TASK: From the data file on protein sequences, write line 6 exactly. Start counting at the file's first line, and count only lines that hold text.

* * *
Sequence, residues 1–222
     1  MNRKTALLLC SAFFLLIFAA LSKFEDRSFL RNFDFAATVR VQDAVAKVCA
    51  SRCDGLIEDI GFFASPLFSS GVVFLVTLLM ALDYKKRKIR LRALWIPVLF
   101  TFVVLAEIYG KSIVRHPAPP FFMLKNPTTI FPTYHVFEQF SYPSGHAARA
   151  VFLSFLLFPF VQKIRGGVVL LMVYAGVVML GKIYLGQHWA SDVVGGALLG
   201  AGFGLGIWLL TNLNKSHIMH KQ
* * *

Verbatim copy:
   201  AGFGLGIWLL TNLNKSHIMH KQ